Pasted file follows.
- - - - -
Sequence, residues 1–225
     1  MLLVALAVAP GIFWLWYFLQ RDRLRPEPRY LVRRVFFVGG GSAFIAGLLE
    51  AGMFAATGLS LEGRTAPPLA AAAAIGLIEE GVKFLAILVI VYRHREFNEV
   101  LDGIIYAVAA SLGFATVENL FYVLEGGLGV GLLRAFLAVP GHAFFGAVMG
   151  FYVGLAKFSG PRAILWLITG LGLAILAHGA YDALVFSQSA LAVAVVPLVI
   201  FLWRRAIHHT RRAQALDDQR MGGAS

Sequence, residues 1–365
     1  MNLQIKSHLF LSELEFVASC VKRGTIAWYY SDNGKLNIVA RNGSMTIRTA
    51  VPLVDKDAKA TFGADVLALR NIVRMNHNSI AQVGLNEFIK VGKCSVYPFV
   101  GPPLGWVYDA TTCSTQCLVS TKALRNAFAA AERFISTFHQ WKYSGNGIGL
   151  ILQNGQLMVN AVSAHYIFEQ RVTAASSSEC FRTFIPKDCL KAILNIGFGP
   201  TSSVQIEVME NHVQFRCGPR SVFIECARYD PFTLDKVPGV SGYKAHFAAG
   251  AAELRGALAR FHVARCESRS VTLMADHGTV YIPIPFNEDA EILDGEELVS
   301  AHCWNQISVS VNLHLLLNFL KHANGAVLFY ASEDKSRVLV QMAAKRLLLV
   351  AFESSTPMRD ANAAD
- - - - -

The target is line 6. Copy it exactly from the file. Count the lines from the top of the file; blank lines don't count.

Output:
   201  FLWRRAIHHT RRAQALDDQR MGGAS